Praise and encourage him to do the same, over and over until you observe that they’re getting used to it. Praising them would give a point that they’re just having fun and that you are too. 

Observe how your Golden Retriever would react. If he or she shows signs of panic, anxiety, and fear, it’s alright to pause and to cut the training short. Remember, your dog’s health is more important.

But before any of these happens, make sure that the place you’d carry them in is a safe place. This means that there are no dangerous animals such as crocodiles and alligators roaming around and looking for a snack within the freshwater.

You could also check with the management whether you can take your dogs with you for a swim. If you’re aren’t allowed, find another safe place to do the swimming sessions. You can also rent a private pool just for them.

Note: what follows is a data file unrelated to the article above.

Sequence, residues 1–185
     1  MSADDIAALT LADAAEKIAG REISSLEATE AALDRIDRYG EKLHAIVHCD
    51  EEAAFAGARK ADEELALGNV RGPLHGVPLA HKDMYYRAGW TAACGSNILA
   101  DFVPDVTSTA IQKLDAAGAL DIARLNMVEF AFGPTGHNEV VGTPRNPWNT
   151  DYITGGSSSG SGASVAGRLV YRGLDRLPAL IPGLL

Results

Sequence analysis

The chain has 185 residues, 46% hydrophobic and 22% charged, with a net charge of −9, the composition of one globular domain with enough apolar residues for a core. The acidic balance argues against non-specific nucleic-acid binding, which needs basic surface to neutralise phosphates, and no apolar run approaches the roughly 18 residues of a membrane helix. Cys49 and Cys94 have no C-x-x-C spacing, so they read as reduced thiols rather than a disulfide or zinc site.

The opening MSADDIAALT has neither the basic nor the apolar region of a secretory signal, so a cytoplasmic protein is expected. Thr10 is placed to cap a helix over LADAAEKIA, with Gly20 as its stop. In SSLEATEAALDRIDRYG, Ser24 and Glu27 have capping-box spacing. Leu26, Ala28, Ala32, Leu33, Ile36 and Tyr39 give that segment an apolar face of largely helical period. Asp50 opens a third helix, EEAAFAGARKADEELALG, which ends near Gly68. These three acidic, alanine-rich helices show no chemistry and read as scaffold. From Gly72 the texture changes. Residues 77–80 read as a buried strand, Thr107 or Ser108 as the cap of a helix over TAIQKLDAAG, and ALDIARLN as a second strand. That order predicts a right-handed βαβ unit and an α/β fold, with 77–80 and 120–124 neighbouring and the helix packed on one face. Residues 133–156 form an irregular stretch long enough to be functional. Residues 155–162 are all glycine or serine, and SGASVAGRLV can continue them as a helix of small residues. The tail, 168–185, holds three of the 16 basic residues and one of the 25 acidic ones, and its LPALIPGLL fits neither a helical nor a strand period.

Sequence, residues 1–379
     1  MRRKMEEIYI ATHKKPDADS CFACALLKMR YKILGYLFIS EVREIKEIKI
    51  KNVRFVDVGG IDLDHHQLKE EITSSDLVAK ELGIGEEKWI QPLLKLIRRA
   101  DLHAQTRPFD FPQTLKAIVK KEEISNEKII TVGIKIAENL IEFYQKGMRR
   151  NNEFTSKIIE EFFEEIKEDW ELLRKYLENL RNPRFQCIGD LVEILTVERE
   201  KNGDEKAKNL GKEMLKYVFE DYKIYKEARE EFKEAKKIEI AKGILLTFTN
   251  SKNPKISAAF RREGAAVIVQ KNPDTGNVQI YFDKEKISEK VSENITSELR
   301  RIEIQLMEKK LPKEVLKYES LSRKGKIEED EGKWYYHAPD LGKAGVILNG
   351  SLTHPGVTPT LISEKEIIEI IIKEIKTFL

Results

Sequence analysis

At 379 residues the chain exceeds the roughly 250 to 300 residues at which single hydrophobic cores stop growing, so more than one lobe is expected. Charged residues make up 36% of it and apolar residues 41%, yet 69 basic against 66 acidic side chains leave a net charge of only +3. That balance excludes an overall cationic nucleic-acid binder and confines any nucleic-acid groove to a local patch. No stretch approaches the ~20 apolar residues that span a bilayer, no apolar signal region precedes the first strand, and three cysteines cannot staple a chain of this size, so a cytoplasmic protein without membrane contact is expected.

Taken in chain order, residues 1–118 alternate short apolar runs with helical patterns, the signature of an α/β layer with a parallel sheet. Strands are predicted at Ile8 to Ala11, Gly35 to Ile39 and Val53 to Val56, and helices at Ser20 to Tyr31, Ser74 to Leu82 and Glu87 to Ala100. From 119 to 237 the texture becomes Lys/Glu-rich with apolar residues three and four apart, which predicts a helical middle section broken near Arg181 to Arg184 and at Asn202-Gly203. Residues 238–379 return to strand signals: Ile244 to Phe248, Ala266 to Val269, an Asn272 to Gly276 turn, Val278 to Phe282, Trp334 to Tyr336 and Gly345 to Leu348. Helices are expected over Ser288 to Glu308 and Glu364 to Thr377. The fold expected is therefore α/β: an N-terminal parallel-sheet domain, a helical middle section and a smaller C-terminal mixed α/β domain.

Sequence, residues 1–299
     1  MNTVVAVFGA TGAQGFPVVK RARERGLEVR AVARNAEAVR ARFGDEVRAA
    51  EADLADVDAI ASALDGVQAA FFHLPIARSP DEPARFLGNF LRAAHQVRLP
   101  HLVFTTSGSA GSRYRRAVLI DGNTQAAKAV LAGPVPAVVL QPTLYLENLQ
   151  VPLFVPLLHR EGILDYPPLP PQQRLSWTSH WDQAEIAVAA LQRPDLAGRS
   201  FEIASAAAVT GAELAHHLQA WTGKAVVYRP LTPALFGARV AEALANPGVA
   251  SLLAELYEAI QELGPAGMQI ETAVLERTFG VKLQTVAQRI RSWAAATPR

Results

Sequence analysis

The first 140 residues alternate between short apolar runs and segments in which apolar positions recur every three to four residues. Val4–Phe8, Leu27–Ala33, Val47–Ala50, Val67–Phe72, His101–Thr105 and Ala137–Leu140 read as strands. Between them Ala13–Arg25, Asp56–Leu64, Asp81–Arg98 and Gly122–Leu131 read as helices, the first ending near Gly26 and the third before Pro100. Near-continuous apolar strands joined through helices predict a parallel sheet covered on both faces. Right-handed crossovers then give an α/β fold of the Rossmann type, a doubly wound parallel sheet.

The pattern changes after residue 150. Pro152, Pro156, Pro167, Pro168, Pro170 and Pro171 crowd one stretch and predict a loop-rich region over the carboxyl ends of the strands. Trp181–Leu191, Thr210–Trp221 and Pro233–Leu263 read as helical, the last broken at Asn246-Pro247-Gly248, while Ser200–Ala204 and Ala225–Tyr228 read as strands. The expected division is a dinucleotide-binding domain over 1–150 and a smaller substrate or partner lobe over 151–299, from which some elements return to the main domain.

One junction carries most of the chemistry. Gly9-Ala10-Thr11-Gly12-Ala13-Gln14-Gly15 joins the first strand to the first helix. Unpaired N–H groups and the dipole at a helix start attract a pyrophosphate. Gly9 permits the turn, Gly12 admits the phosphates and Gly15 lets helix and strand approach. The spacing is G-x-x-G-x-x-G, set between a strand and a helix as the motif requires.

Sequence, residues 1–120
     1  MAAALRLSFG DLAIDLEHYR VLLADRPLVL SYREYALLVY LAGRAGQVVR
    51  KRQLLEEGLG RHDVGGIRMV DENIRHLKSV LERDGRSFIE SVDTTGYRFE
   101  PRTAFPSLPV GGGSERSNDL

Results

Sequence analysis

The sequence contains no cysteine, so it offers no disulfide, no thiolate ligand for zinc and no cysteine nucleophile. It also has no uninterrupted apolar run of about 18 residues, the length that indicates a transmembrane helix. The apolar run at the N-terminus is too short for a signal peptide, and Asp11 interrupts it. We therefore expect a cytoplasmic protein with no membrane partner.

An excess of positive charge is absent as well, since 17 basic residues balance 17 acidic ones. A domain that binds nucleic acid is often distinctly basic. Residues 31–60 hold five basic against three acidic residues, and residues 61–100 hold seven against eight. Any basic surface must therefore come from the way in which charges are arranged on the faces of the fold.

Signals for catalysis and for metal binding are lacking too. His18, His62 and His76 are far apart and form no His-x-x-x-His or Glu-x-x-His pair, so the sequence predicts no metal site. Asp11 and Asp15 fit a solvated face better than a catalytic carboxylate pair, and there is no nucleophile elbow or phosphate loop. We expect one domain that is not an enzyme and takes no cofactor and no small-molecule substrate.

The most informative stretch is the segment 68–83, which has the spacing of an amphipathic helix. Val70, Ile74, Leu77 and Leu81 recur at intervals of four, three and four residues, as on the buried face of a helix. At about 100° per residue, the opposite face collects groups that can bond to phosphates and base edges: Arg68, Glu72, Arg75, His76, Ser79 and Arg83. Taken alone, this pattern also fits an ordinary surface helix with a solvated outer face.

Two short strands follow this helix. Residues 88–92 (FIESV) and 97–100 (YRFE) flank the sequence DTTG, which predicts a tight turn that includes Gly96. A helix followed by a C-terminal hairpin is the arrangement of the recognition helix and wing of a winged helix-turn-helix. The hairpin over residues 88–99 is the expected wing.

Of course, when you teach your Golden Retrievers to get in the water, make sure to teach them how to get out of the water as well. Call them back to the route of exit, which is a place where they can safely and easily get out of the water.

Remember the first time you’d try to put them in your car and they got a little bit nervous traveling? The same goes for this. When it’s their first time to sail with you, they may tend to panic, jump, or get wild. Stay by their side and at least make them wear a life jacket and keep them on a leash.

Before and after, give them lots of treats and praise so they can get motivated to continue. After the training swimming session/s, remove the chemicals and dirt on your dog by washing them with clean water and their shampoo or soap. 

Look out for any trash, bacterias, or chemicals underwater and keep an eye for a few days to make sure that no infections and parasites in their body.